James fell silent. Art did not press her for more. There was no need for her to extrapolate upon anything. Because he, like she, could feel the weight of his bones suspended in his flesh and in this life. And it could be a bomb, or it could be a silver bullet. Or even a final, muted breath in old age, but death would reach out with a thin finger and claim them as his own. Up and over the mountain, with their pens and pencils and their eyes ever seeing. Unfurling before them was the climax and crash of humanity. The cesspool of tension and fragility that has been stewing for millennia. Meat lumps and the smell of blood singing in the air.
In the silence that surrounded them both, Art felt a sudden need to close the spaces between them. For a moment he wanted to no longer be alone. He reached out and placed his hand on top of her small one, resting on the carpet of sea green grass. He looked at her face, and saw that she was smiling; a small, quiet, almost sad smile. She did not look at him. In another time, in another world, they could have slipped together in life. Holding hands sweating and close. James would have been softer. Longer hair that he could have felt between his fingers and smelt the fragrance of it on her skin. Maybe they would have had a baby girl together. She would teach it to be tough and he would teach it to love the beauty of art. They would have grown old and grey together. Before lying under the grass and the dirt, side by side.
But it was not to be. Despite their closeness, or because of it, they could never have fit together. To start with, there was the issue of the war. Bombs and shells blew people and countries apart. Destroying the inextricably fragile ties between people across the world. It was bordering on rude to harbour emotions when so much was erupting and exploding around them. Yet even if there were peace, it felt to Art as though there were a war raging between the two of them, somehow inside them.
In his own strange way, Art loved James. Against the ridiculous backdrop of the war, they had come to rely upon one another. The girl named James confused him. He had always known that. From their first mission together they had fit together as neat and simple as silver spoons in a drawer. For Art, James had become a single still point in a spinning world. But the world was still spinning. And the bombs fell with ever-increasing frequency and destruction all around them. Both James and Art knew that any moment could tear them apart. Art had long ago reconciled the insanity that resided within him. Acknowledged how her love and presence kept him alive but also made him insane. It was best that there was a war. It was best that there had to be a modicum of tension and professionalism between the two of them. Art feared that one of the casualties he would one day record in his notebook would be the woman next to him.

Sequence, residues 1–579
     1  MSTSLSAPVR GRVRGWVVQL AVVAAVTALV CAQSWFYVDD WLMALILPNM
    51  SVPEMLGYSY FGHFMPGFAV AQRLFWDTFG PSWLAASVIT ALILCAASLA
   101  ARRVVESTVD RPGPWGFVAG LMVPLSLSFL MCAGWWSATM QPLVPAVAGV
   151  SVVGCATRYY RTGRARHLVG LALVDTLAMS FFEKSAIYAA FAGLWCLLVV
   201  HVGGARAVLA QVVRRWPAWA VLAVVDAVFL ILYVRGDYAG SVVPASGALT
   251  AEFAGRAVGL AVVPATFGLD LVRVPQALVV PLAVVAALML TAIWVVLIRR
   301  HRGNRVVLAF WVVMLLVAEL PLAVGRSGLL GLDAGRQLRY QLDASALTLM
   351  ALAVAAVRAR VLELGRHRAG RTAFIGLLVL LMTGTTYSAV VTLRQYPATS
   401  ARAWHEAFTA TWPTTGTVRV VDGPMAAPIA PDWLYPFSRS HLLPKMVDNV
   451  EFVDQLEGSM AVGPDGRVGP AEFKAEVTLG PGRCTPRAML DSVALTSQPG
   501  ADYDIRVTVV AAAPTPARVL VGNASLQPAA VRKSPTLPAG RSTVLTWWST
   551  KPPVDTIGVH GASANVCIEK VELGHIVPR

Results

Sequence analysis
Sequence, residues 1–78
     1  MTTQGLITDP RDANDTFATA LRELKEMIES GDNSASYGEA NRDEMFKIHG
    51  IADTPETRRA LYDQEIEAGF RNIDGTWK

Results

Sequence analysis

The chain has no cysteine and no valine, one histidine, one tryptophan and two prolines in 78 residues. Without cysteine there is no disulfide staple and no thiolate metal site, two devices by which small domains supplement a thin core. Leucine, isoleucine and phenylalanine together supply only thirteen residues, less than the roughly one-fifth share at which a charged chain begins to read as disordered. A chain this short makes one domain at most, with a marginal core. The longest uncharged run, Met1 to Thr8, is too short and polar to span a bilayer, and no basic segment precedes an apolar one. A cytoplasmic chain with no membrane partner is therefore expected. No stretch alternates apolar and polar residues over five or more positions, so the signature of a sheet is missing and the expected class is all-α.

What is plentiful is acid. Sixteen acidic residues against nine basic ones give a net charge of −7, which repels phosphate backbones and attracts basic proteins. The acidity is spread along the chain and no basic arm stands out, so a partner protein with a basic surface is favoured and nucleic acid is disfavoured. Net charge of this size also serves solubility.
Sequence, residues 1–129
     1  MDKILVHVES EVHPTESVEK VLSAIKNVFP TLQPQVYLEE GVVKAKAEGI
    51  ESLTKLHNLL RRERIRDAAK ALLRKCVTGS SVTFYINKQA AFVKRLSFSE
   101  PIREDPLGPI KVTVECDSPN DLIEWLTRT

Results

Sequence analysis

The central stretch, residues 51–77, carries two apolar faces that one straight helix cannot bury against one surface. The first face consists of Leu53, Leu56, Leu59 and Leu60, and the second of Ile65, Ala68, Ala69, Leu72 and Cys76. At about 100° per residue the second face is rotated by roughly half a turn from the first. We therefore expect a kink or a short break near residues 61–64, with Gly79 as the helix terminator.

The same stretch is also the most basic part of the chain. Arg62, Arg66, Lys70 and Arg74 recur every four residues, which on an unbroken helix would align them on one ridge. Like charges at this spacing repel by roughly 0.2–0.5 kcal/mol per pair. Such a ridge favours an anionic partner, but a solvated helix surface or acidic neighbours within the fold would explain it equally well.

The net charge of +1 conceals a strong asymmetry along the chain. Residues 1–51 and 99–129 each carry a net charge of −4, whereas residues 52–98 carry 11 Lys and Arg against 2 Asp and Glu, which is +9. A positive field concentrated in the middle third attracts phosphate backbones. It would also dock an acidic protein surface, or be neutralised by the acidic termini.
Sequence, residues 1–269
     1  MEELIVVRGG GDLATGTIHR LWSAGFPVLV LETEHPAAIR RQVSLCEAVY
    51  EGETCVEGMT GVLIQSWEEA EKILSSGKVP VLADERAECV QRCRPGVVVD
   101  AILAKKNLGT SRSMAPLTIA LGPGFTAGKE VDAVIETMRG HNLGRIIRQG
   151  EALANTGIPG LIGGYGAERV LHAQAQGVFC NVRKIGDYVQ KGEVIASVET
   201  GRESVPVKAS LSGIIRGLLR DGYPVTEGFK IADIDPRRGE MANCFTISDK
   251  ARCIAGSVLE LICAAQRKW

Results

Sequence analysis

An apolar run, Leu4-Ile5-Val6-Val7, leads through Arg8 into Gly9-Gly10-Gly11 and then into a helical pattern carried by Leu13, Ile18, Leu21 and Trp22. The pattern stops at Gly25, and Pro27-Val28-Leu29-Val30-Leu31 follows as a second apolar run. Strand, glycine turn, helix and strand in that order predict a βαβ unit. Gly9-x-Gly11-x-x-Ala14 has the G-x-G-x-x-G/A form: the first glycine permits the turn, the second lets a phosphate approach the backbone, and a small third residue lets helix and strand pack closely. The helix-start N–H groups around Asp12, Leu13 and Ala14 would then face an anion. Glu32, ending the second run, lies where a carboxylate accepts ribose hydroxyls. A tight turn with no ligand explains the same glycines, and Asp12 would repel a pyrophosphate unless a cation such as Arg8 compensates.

Through the lens of the camera James could see it was all about to end. The bright flame of humanity snuffed out by its own fickle finger. The only remnants the yellow flickering lights over the mountains. The creeping clouds spewing from the Earth, until that too died out and all would be darkness. She felt the trajectory of life, of all life, hurtling past. A black hole they were being sucked into. And all the past and the future played out before her. She could see that it began in darkness and would end that way, too.
In the deafening silence, the journalist and the photographer saw the soldiers marching below. They saw the small white group of medics carry a stretcher between four men. Upon the stretcher lay a pile of flesh and blood that had once been a person. The wind blew, and both James and Art could smell iron in the air.
“Do you think we ought to head down there now?” James asked.
Art removed him hand from atop of hers. “I guess we should,” he replied.
In unison, the two of them unfolded their legs and hoisted their bags onto their shoulders. Without another word they commenced their decent down into the valley of death.